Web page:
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In an open letter to UX Design graduates, Academy Xi Designer in Residence Jacalin Ding gives practical tips and tricks on how to gain a foothold in one of Australia’s most exciting industries.
Dear UX Design graduates,
Firstly, well done! You should be very proud of yourselves for going through such an extensive learning experience. The product world is brand new to you and everything you’ve learnt is about to be put into practice.
The UX Design industry is exciting and forever evolving. It can feel like a black hole of mystery. Where do you go from here?
As you prepare yourself for a wild ride into the employment market, the future might seem daunting. To help you prepare for what’s to come, I’ve put together a beginner’s guide that includes some simple steps to follow as you look to make a fast start as a UX Designer.
Before you rush off to LinkedIn and apply for every job you see, just hold your horses. Sit down, close your eyes, and really think about how you feel about your whole journey.
If you answer these questions, you’ll get a better feel for what type of role and environment suits you:
Write all your answers down on paper and revise them frequently. Self-reflection is an important activity for any designer at any level.
Now you’ve completed some self-reflection, it’s time to add a little extra flavour to your professional profile. You need to make you and your work really stand out.
There are tons of fresh UX bootcamp graduates constantly flowing into the employment market. What makes you special?
Add extra feathers to your cap by:
Maybe take a little break after you’ve completed your bootcamp, but then get started with your first self-directed project. Remember, this is your first opportunity to drive on your own! It’s time to sharpen up all the tools you’ve learned.
This time, you don’t have to go through every single step in the double diamond process. Instead, be strategic and rational about each decision you make.
Designers who create their own projects are clearly passionate about what they do. Passion is the ingredient that sets you apart from the crowd.
Here are a few tips for your first self-directed project:
For those who have been spending their lives scrolling on TikTok and Instagram, it’s time to shift gears and focus on LinkedIn. LinkedIn is the place where most professional opportunities live these days.
Make sure your LinkedIn profile is looking its best. List and explain your digital skill-sets, get recommendations from previous colleagues, and carefully check for spelling and grammatical errors.
Follow businesses you’d like to work with, as well as their employees and recruiters. This will help you get a vibe on the company culture. Try to network slowly and avoid bluntly asking for jobs.
Increase your visibility by posting insights and writing articles. The key is to share your thoughts, promote your work and get your name out there. It can seem intimidating at first, but don’t worry – just hit that publish button!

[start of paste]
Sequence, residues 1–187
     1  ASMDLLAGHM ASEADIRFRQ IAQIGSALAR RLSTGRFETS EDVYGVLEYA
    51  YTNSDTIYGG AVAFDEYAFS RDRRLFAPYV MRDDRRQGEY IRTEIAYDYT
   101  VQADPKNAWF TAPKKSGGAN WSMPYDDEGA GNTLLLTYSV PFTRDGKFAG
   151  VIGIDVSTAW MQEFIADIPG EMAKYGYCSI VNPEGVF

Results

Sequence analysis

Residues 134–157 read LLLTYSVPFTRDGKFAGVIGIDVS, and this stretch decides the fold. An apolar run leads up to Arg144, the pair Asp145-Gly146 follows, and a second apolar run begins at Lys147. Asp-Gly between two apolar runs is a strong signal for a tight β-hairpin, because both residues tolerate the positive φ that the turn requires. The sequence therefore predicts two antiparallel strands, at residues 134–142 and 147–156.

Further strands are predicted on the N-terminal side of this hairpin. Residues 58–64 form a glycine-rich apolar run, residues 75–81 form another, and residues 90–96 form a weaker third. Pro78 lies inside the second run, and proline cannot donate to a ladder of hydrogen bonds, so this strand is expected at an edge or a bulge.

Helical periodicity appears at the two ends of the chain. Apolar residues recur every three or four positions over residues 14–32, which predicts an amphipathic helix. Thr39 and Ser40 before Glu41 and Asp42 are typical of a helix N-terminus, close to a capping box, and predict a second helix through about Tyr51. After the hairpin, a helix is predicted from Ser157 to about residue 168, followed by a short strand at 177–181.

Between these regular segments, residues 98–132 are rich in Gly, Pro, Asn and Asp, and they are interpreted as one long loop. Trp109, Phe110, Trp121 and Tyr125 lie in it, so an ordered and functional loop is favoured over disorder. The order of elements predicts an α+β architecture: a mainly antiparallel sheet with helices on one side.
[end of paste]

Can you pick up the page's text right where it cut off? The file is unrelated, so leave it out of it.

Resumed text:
This is the most important part. It’s time to make sure your portfolio is sleek. Keep it simple and weave your personality into it (don’t neglect the ‘About Me’ page!). If you’re not an engineer, you can use easy-to-build platforms like Squarespace and Wix. Design your portfolio like you would a product: conceptualise, draft, write and edit before building it.
Truthfully, most of the graduate case studies I’ve seen are not even going to make it onto a shortlist. I’ll write another article about how to craft a decent case study in the coming weeks. For now, here’s a high-level guide:
Before you secure a job offer, put yourself out there with internships and volunteer work. LinkedIn is not the only destination to make that happen.
Approach charities you want to get involved with and make contact with their employees on LinkedIn.
You can also offer to help start-ups. The good thing about start-ups is that you get to work with stakeholders directly. You can find start-ups by searching Facebook groups. I recommend you approach start-ups with existing designers or a Product Manager in place, since the projects are more likely to be properly organised.
If you’re going to work for free, make sure it’s worth your time. Know exactly what you want to get out of volunteering from the get-go.
As well as LinkedIn networking, try meeting other UX Designers in person. Nothing beats real face-to-face conversations with likeminded people. Find out if there’s a meet-up opportunity near you.
In Australia, there are heaps of networking opportunities:
Plus, you can get mentored by experienced design leaders via platforms like Adplist.org.
Anyway, that’s a wrap! I hope all these tips and tricks are useful to you as you start your job search. Keep in mind that it’s totally normal to hit roadblocks and face rejection. It’s all part of the journey to success. If you’ve got the passion, trust me, the opportunities will follow!
I wish you all the best, and look forward to seeing you and your work in the industry soon.
Jacalin Ding / Strategic Product Design Lead. Consultant, Mentor, Speaker and Designer in Residence at Academy Xi.